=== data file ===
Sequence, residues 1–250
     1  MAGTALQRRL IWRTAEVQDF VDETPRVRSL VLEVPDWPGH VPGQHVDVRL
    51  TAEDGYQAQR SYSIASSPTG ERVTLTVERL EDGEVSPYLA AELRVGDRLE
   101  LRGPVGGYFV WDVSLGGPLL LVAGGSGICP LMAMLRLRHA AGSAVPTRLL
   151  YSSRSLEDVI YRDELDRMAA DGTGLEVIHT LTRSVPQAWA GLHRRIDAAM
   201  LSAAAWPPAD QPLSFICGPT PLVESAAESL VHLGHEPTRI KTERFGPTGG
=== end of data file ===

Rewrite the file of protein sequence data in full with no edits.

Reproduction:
Sequence, residues 1–250
     1  MAGTALQRRL IWRTAEVQDF VDETPRVRSL VLEVPDWPGH VPGQHVDVRL
    51  TAEDGYQAQR SYSIASSPTG ERVTLTVERL EDGEVSPYLA AELRVGDRLE
   101  LRGPVGGYFV WDVSLGGPLL LVAGGSGICP LMAMLRLRHA AGSAVPTRLL
   151  YSSRSLEDVI YRDELDRMAA DGTGLEVIHT LTRSVPQAWA GLHRRIDAAM
   201  LSAAAWPPAD QPLSFICGPT PLVESAAESL VHLGHEPTRI KTERFGPTGG